In Deep Love, a wildly popular Japanese story of teenage heartbreak, Ayu decides to pay for her boyfriend Yoshiyuki's life-saving heart surgery by prostituting herself. But instead of using the money on the operation, his parents spend it. Ayu dies of Aids.
Steamy melodramas with tear-drenched endings have been a staple of Japanese popular entertainment for years. But Deep Love, which recently appeared as both a film and a series on one of the big television networks, boasts an unusual feature: it began life on a mobile phone.
Once seen as a passing fad, the cellphone novel, or ketai novel, has wormed its way into the heart of Japanese popular culture. Half of last year's top-10 bestselling novels originated from the (very) small screen and the top three books were all written by novice cellphone authors.
Critics say the truncated, slang-rich content of the novels, which shun traditional character and plot development, hardly qualifies as writing, let alone literature. One bestselling novel was tapped out on a mobile phone while the young author commuted to work, then uploaded to her blog.
The popular magazine press, which coined the phrase "oya yubi seddai" – "the thumb generation" – to describe Japan's army of cellphone users, has waded into the debate by asking: are real novels dead? Some have felt the need to remind readers that this is a country with a 1,000-year literature tradition.
But the criticism leaves many young people cold. The Nikkei business newspaper recently estimated the market for e-books at nearly 20 billion yen (£96m), and said it is growing by more than 200 per cent a year. The books are read in cafes, during work breaks and during Japan's famously long commutes.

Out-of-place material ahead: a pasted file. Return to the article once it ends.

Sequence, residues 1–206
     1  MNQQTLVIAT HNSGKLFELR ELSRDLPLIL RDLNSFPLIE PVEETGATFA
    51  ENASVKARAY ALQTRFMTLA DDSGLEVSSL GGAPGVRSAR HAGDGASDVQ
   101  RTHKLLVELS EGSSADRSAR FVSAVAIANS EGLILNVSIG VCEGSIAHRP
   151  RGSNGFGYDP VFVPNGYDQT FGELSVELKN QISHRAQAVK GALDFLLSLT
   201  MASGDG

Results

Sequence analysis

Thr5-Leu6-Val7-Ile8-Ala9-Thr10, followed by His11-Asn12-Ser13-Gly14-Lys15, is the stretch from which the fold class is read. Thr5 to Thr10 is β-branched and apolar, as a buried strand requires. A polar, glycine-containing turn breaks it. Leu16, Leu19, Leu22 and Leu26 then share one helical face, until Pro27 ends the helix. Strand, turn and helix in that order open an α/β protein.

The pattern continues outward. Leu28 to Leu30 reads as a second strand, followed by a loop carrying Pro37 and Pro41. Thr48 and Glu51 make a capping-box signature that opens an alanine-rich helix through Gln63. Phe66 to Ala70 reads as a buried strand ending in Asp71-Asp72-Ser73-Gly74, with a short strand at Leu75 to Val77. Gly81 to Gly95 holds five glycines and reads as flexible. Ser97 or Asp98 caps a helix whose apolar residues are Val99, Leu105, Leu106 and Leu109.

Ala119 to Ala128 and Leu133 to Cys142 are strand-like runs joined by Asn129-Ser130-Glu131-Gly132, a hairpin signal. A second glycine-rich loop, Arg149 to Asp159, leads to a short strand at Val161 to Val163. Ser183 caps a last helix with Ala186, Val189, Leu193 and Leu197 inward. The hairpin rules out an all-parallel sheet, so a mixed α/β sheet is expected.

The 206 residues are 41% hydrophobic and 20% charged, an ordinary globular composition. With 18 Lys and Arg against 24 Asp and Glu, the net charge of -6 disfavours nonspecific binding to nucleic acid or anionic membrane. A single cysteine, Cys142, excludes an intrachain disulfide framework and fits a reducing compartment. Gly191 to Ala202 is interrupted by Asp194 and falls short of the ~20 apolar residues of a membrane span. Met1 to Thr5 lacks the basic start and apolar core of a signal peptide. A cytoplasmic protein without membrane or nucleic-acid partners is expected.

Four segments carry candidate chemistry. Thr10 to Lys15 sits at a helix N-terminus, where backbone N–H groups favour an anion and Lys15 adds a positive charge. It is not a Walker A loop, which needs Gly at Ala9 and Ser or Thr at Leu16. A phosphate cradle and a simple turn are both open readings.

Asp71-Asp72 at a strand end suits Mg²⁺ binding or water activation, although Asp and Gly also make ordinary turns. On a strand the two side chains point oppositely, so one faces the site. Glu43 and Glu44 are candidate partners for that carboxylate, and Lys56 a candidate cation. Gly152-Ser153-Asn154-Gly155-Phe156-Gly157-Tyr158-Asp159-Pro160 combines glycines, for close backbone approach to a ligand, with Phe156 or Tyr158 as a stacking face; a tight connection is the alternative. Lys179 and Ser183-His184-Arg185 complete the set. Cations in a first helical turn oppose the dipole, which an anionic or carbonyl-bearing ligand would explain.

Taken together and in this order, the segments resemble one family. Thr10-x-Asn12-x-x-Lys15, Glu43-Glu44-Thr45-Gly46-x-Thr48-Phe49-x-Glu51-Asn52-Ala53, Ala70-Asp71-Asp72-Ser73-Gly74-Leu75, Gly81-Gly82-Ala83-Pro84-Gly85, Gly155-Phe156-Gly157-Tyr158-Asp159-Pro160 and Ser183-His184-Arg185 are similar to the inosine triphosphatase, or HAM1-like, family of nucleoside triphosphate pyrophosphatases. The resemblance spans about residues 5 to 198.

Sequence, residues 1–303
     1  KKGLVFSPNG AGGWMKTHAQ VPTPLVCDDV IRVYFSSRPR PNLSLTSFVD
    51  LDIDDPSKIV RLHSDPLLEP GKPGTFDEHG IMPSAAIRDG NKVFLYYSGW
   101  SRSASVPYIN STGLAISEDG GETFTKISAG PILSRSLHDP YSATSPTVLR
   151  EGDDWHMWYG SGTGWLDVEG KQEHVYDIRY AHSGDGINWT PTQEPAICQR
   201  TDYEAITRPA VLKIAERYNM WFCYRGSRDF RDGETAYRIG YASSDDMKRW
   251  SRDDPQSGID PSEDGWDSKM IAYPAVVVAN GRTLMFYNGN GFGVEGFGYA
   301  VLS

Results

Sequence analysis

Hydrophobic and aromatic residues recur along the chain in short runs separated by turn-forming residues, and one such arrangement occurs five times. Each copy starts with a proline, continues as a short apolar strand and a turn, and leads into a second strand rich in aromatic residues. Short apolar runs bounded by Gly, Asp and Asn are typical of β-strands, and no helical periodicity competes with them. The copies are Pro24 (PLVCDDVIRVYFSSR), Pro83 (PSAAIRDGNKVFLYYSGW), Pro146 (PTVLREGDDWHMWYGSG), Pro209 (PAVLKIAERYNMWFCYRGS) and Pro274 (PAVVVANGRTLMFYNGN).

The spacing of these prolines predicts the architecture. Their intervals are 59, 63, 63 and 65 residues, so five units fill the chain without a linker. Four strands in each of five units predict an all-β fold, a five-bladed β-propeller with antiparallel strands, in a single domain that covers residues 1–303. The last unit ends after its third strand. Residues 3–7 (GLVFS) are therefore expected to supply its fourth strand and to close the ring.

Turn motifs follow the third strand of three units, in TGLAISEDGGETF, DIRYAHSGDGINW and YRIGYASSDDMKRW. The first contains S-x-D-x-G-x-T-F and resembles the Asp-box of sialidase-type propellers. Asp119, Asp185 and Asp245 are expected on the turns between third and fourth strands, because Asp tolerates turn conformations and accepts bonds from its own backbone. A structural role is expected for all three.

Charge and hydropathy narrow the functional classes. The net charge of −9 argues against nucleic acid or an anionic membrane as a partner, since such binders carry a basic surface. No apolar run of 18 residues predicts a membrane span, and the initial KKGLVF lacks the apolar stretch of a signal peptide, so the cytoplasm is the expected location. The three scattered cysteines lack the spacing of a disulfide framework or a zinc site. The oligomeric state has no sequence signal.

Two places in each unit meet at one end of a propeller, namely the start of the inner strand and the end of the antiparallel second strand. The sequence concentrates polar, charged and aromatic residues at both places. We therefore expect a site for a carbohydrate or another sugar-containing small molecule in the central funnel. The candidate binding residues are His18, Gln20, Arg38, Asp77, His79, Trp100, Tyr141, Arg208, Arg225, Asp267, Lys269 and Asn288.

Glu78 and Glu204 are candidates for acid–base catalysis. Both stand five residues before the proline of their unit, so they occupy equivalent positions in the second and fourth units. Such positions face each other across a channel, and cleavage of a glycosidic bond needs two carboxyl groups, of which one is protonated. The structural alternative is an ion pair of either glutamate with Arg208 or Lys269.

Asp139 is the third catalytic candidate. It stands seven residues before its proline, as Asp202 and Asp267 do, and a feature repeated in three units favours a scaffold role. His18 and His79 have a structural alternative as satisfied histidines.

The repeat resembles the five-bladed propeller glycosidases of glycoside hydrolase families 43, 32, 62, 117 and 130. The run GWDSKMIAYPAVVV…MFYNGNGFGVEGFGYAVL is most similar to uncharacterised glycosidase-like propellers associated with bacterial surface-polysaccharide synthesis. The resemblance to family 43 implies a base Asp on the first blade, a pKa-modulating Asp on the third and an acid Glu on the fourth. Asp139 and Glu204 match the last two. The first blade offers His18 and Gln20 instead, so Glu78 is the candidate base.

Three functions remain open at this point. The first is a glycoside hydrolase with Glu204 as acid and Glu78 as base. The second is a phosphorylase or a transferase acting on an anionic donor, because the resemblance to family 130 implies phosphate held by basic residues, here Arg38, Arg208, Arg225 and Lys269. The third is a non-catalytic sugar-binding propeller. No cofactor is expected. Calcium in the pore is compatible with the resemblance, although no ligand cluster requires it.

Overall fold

"I thought the idea of a keitai novel was a bit dumb because the screens are so small," said Eriko Saito, 25, who spends hours on a train every day. "But you quickly get into them because the stories are so compelling and easy to understand, and the endings keep you hooked and coming back for more. I'm totally addicted."
The genre even has its own literary stars, such as Mika Naito, the so-called queen of the cellphone novel. Her serialised romantic story, Love Link, was accessed 1.5 million times in five months, instantly turning her into a publishing sensation. Another author, Rin, 21, has sold more than 400,000 copies of her high-school love story Moshimo Kimiga (If You...) since it was published last year. With 100 million handsets in circulation, the mobile phone is Japan's most ubiquitous accessory. Standard features include internet browsers, games and digital cameras, while newer models can be used to watch television, swipe train-ticket barriers and pay bills. Bigger screens and faster downloads have made manga comics and now full graphic novels increasingly viable.
Thousands of Japanese titles can now be accessed for about 210-450 yen a pop – cheaper than a paperback and without the added bulk in handbags and briefcases. The newer e-books, which are often accessed for two or three months before the subscription lapses, have developed their own literary tics, including serial cliffhanger endings and a small cast of characters – two to four people.
The seal of approval has come from two of the world's most famous manufacturers. Matsushita has developed a 5.6-inch high-resolution reader designed for reading e-books. Rival Sony has also launched a nine-ounce, 6.9x4.9-inch machine that uses iTunes technology to purchase e-books from the company's own Connect service.
"Is the cell-phone the library of the future?" asked one magazine after the launch of a new device. Perhaps it might become the new cinema too: Japan recently hosted its first Pocket Films Festival in Yokohama, screening 400 movies shot on camera-equipped cellular phones. The shortest clocked in at a giddy 12 seconds, but one entry stretched to adizzying 90 minutes.Reuse content